Amazon offers a comprehensive tutorial about Polly and code examples using Python, IOS and Android. Microsoft offers examples for Ajax, Soap and HTTP. For both TTS services the end user has to create credentials to use the actual service. For Microsoft the end user creates a client ID and a client secret, which will be used to authenticate the application/end user.

With Amazon the security model is much more sophisticated. Identity and Access Management (IAM) is being used with Amazon, where the end user has a root account, which can be and should be protected with multi-factor authentication. From there the end user can create various users and groups, which can actually use the Amazon Polly service.

The actual Polly service offers two groups per default. The Full access and Read Only access group policies and those can be assigned to user accounts to user the Amazon Polly service utilizing the signature version 4 Test Suite from Amazon for the signing process.

One more important item to mention is that Amazon Polly supports Speech Synthesis Markup Language (SSML). Amazon Polly generates speech from both plain text input and Speech Synthesis Markup Language (SSML) documents that conform to SSML version 1.1. Using SSML tags, you can customize and control aspects of speech such as pronunciation, volume, and speech rate as defined in the W3C recommendation https://www.w3.org/TR/2010/REC-speech-synthesis11-20100907/.

In summary… Amazon released their Text-to-Speech (TTS) service Amazon Polly at the right time, offering superior efficiency in terms of response time and file size, while being 2.5x more cost efficient than Microsoft’s Text-to-Speech (TTS) service today.

First integration attempts into smart home hubs are already in progress e.g. LUA code sharing within 48 hours of Amazon releasing Polly.

HomeAutomation.Expert

Disclaimer: This blog and tweets represent my own view points and not of my employer, Amazon Web Services.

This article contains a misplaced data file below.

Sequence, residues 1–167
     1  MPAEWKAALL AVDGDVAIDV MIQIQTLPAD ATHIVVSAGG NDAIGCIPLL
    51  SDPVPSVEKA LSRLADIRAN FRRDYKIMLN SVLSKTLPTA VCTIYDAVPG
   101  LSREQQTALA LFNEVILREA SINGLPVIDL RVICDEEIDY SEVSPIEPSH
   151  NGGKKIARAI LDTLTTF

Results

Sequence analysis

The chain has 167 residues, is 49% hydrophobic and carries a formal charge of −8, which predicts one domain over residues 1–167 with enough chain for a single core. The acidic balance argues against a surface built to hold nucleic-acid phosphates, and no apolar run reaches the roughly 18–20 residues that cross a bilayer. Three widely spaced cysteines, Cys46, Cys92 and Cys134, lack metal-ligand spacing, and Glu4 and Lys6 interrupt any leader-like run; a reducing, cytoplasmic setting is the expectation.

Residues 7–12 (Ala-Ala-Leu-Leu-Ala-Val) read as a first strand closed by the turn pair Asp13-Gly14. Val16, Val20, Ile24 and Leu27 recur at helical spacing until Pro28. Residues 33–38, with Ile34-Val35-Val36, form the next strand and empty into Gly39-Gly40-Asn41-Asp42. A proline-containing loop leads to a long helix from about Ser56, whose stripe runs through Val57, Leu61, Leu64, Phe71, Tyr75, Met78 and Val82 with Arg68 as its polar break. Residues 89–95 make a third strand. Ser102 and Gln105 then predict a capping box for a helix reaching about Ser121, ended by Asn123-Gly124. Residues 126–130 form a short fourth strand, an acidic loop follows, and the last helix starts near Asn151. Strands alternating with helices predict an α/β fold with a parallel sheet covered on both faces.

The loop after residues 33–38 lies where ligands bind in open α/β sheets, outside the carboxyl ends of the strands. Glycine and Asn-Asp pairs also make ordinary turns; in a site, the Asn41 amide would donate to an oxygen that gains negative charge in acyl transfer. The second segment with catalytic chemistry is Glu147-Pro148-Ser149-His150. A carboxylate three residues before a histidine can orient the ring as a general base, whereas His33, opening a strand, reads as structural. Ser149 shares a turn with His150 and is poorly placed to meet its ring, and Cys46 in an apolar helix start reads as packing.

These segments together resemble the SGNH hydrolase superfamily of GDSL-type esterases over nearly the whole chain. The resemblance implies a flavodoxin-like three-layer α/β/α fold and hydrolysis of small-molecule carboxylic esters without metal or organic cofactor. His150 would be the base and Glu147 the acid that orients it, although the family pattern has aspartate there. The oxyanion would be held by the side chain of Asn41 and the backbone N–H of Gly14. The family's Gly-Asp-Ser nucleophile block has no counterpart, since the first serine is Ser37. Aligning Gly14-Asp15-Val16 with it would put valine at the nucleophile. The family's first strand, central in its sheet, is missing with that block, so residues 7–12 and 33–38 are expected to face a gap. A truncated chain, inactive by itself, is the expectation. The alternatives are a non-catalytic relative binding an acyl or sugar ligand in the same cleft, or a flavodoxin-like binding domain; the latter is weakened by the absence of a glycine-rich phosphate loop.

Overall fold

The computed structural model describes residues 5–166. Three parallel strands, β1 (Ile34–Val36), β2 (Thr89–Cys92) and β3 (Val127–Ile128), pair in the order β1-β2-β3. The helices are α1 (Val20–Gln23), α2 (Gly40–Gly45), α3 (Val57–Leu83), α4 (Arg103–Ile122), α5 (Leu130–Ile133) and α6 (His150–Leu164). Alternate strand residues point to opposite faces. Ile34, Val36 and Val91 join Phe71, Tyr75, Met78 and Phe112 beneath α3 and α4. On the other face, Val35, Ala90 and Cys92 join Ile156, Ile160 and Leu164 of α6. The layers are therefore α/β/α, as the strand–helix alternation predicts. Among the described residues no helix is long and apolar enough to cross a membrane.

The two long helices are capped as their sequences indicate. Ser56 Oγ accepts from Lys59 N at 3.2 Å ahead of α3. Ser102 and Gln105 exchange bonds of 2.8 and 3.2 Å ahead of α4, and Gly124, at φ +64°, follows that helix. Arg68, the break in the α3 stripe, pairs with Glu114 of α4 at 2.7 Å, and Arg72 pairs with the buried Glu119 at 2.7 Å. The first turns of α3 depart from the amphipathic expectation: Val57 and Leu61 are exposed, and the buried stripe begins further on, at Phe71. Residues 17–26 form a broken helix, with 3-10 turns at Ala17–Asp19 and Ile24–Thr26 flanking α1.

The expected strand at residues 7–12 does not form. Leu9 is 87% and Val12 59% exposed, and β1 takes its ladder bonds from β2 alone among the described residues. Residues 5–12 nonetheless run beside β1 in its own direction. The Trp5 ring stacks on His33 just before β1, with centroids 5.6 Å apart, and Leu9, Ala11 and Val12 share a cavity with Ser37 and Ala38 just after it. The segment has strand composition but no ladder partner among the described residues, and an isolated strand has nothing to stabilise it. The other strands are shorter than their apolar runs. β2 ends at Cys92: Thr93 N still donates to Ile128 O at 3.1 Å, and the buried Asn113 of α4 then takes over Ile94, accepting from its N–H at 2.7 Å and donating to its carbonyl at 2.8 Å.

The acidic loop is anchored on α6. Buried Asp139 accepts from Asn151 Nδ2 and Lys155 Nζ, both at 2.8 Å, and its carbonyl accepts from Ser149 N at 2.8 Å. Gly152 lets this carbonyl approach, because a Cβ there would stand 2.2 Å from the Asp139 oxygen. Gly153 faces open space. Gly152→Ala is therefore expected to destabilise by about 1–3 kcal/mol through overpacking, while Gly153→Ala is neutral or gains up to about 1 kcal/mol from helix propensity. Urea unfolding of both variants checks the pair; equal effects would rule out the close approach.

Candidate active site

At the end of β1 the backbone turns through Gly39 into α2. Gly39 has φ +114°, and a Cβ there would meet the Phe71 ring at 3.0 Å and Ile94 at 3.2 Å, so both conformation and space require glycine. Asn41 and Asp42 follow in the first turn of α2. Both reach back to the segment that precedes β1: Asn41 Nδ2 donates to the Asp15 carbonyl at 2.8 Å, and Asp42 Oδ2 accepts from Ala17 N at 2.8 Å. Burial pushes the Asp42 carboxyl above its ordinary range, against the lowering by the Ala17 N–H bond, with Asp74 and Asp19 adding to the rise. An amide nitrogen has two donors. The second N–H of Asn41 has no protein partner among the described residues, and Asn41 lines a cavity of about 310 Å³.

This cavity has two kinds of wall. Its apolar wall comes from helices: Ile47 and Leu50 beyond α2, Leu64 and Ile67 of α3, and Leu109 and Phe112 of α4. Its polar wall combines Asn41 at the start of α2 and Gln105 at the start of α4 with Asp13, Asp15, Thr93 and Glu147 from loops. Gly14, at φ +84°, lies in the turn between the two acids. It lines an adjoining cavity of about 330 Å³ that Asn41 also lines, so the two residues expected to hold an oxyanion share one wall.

Azure DataMarket shutdown

Azure DataMarket shutdown

Website screenshot
Shutdown Email

Microsoft announced the shutdown of their datamarket place as you can see in that email. One of their services being used in smart home deployment is their TTS (Text to Speech) service allowing smart homes to announce events using voice options in different languages and genders.

This service was free of charge for up to 2.000.000 characters, which was more than enough for the most common smart homes. Anything beyond 2M was reasonably priced, if needed.

This Microsoft TTS service became very popular when Google implemented CAPTCHA (a program or system intended to distinguish human from machine input, typically as a way of thwarting spam and automated extraction of data from websites) resulting in no longer having the capability to announce events using voice in smart homes from Google.

There are other options like Mary TTS, FreeTTS, Acapela, etc, where you can install a local TTS server at your home to replace a cloud based TTS service. However, not everybody has the skills and knowledge to install and maintain a local TTS server. The benefits of having a local TTS server are being independent and even if your internet connectivity is down, you still get voice announcements for your smart home events.

VoiceRSS is another cloud based option offering up to 350 requests per day at no cost. With an average of ~45 characters per request x 350 requests per day x 30 days per month = ~500.000 characters compared to Microsoft’s 2.000.000 characters per month service.

However, quality of voice is another aspect to consider. There are plenty of TTS services out there and THE biggest complaint about those is the robotic sound of those voices or even worse not being able to understand sentences, while understanding single words. This is a huge challenge, as you want a smart home to sound like a smart home and not like a robot from the 70s.

This will be an interesting market to watch and more options will arise in the future, but for now people are looking for alternatives to Microsoft’s TTS service given that it is being shut down March 31st 2017.